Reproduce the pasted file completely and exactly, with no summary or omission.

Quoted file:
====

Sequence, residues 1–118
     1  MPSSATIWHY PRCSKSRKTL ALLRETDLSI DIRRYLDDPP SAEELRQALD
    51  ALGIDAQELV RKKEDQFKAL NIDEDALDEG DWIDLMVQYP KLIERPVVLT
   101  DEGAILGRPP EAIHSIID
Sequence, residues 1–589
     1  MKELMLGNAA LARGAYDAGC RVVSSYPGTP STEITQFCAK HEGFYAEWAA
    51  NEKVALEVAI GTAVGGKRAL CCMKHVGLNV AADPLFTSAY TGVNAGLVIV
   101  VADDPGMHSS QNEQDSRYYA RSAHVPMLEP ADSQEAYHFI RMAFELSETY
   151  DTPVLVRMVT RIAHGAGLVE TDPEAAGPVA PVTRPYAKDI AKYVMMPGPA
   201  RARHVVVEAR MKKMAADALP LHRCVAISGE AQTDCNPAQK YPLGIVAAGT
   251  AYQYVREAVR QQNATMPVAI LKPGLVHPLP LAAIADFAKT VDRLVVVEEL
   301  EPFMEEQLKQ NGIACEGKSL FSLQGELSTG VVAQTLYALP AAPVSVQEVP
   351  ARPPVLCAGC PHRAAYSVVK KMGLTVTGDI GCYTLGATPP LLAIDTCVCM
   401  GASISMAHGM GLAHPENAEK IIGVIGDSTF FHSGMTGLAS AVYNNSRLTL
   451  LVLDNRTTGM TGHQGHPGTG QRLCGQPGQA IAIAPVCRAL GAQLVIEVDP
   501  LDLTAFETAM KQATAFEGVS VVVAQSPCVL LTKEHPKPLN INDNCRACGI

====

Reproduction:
Sequence, residues 1–118
     1  MPSSATIWHY PRCSKSRKTL ALLRETDLSI DIRRYLDDPP SAEELRQALD
    51  ALGIDAQELV RKKEDQFKAL NIDEDALDEG DWIDLMVQYP KLIERPVVLT
   101  DEGAILGRPP EAIHSIID
Sequence, residues 1–589
     1  MKELMLGNAA LARGAYDAGC RVVSSYPGTP STEITQFCAK HEGFYAEWAA
    51  NEKVALEVAI GTAVGGKRAL CCMKHVGLNV AADPLFTSAY TGVNAGLVIV
   101  VADDPGMHSS QNEQDSRYYA RSAHVPMLEP ADSQEAYHFI RMAFELSETY
   151  DTPVLVRMVT RIAHGAGLVE TDPEAAGPVA PVTRPYAKDI AKYVMMPGPA
   201  RARHVVVEAR MKKMAADALP LHRCVAISGE AQTDCNPAQK YPLGIVAAGT
   251  AYQYVREAVR QQNATMPVAI LKPGLVHPLP LAAIADFAKT VDRLVVVEEL
   301  EPFMEEQLKQ NGIACEGKSL FSLQGELSTG VVAQTLYALP AAPVSVQEVP
   351  ARPPVLCAGC PHRAAYSVVK KMGLTVTGDI GCYTLGATPP LLAIDTCVCM
   401  GASISMAHGM GLAHPENAEK IIGVIGDSTF FHSGMTGLAS AVYNNSRLTL
   451  LVLDNRTTGM TGHQGHPGTG QRLCGQPGQA IAIAPVCRAL GAQLVIEVDP
   501  LDLTAFETAM KQATAFEGVS VVVAQSPCVL LTKEHPKPLN INDNCRACGI